Who really owns your cell phone number?
January 29, 2008 9:40 AM   Subscribe

My former employer won't release my personal cell phone number.

Last week, I was laid off as part of a restructuring at my company. My email access was turned off immediately (no surprise), and on Monday, my cell phone access was turned off as well (also no surprise, since they were paying the bill). The problem is that my former employer is refusing to release my cell phone number so I can get it reassigned to a personal account.

I've had my cell phone number since 2000. In 2002, I added it to the corporate plan at Company A. When I changed jobs in 2006, I moved my number from Company A to Company B without trouble. In 2007, Company B was acquired by Company C, and our phone accounts were consolidated under one provider. At no time was it ever suggested that I keep my personal number on a separate, personal account.

Of course, I use this number for everything. It's listed on my credit cards, bank accounts and tax returns. It's what far-flung friends use to contact me after months or years. As a renter with ro ommates, I can't be certain of keeping my home phone number, so this the only number I give out, and it's a very memorable combination of digits. So I don't, if at all possible, want to give it up.

In my job, I was not involved in the ongoing support of business customers. I rarely--if ever--received direct calls from customers or prospects directly on my cell phone, since most of our contact was in person, over email or via conference numbers. My phone number was published only on my business card, which I did not distribute widely. Furthermore, this number is currently disconnected, so even prospects that _might_ be trying to reach my former employer with concerns about a current deal will find themselves at a dead end.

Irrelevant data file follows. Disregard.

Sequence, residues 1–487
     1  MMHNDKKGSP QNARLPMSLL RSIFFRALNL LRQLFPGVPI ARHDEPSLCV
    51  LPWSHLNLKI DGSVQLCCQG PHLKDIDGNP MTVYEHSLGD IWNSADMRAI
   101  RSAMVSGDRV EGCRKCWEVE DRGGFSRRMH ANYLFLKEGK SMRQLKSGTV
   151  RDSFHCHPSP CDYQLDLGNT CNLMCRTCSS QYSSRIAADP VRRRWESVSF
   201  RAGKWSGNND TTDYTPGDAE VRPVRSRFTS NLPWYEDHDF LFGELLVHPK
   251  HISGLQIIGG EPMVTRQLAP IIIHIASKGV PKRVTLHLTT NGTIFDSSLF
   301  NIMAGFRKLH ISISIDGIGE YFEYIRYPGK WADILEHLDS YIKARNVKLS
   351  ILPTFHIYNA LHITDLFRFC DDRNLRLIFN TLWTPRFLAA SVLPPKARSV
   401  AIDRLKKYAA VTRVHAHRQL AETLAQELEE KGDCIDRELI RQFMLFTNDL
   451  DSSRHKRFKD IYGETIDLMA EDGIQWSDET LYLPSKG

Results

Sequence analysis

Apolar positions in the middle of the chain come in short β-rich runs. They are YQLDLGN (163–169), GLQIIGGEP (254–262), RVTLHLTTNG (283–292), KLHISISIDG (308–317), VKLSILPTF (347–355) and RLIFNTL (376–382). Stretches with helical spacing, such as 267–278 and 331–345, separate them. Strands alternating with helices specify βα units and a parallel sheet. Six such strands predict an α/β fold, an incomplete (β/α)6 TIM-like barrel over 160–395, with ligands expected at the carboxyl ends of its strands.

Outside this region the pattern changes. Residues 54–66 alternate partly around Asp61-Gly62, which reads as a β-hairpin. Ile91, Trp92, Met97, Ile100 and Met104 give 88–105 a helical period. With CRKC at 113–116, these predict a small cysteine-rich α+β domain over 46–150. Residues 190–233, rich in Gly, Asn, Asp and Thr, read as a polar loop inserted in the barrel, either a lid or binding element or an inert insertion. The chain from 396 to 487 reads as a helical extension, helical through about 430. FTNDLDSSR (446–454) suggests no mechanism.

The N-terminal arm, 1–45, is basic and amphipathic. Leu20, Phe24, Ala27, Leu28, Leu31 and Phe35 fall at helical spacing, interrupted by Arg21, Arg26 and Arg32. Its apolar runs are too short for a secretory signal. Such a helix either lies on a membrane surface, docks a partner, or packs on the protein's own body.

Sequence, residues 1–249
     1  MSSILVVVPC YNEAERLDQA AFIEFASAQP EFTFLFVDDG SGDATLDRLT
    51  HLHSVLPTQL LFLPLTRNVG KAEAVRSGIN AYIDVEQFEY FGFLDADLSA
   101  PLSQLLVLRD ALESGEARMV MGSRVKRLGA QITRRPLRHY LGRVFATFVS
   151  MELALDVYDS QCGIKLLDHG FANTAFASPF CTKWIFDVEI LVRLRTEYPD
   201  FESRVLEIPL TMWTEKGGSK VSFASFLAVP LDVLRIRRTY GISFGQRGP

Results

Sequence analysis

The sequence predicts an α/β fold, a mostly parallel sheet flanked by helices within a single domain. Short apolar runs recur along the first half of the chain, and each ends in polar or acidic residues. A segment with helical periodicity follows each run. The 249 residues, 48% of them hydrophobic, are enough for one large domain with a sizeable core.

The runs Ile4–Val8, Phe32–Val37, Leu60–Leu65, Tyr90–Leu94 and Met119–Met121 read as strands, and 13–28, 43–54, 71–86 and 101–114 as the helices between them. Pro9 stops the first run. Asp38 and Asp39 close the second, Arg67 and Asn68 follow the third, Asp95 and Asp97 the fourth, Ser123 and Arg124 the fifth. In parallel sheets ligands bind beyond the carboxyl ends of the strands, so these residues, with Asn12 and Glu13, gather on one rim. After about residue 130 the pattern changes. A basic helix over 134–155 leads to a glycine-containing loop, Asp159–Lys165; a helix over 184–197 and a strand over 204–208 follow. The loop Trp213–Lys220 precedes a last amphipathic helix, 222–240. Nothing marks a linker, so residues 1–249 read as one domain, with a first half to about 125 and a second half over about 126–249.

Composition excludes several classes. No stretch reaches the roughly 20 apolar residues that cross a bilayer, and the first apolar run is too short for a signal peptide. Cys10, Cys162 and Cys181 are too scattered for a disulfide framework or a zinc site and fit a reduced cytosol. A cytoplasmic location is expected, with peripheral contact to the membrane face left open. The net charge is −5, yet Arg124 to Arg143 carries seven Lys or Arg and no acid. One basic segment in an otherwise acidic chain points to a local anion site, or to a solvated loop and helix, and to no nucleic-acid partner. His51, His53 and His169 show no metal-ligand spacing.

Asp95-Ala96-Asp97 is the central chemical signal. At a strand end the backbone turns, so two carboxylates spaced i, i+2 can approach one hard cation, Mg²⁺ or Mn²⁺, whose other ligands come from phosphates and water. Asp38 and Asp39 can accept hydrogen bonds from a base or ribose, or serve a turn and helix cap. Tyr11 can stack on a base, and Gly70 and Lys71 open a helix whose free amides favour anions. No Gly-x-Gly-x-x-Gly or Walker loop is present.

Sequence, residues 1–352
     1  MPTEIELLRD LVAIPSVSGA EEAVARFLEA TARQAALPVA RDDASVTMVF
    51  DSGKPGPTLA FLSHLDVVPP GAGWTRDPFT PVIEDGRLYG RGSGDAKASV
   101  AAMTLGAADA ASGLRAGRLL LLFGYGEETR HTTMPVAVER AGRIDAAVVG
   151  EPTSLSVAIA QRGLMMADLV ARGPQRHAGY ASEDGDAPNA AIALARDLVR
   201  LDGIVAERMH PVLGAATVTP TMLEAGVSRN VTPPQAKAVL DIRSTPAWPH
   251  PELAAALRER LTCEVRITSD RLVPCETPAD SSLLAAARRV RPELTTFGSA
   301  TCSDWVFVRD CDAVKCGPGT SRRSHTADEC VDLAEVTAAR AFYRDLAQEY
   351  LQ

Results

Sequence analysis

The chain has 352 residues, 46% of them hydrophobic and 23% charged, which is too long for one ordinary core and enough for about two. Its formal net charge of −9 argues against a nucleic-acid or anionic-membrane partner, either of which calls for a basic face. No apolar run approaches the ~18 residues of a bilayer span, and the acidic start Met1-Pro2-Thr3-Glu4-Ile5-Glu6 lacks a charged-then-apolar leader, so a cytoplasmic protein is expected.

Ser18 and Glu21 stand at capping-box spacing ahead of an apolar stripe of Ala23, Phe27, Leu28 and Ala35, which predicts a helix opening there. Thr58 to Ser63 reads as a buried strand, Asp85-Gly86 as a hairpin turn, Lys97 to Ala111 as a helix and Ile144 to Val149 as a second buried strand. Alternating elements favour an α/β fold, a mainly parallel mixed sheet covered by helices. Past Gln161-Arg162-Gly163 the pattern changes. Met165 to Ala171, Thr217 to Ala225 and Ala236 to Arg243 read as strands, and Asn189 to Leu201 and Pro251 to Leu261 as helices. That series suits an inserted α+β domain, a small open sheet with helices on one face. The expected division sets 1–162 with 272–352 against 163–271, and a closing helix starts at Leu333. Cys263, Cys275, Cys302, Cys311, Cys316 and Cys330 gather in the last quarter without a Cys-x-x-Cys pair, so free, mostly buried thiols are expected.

I've written two very nice emails to the head of HR (whose decision this apparently is) detailing my case, and so far he has responded with a very short this-is-our-policy type of message, saying "It would be detrimental to the business if we released them." I'm not asking him to overturn the policy, I'm just asking for an exception on the grounds that this particular number is much more important to me than it is to them.

So at this point, what leverage do I have over my former employer? I have not yet signed the termination documents or returned assets like my laptop (they are based in another city), though I have already received my severance check. I don't really want this to get ugly: Except for the layoff (and of course, this phone issue), my experience there was quite positive.

So does anyone have any suggestions on what my next move should be? Has anyone heard of this policy at other companies? Thank you in advance.
posted by ad_hominem to Work & Money (18 answers total) 2 users marked this as a favorite
 
Have you thought about straight up transferring the number without permission? I have no idea if this is possible, but wouldn't you be able to go to say, Verizon, and say, "I'd like to have this phone number ported over."?
posted by santojulieta at 9:48 AM on January 29, 2008


Yeah, your former company doesn't OWN the number, right?
posted by MrFongGoesToLunch at 9:52 AM on January 29, 2008


I had the hardest time with this when I quit a previous job, but eventually found someone in HR who was willing to go to bat for me over the matter and complete the necessary paperwork. Obviously that's not the case with you. I do know that as far as the cell phone company is concerned the number is the property of your ex-employer... and IANAL but the impression I got was that when you sign that number over, you have no legal recourse in getting it back. I sure learned my lesson... I have either expensed my cell phone bill, asked for an allowance, or just paid for it myself from that point forward.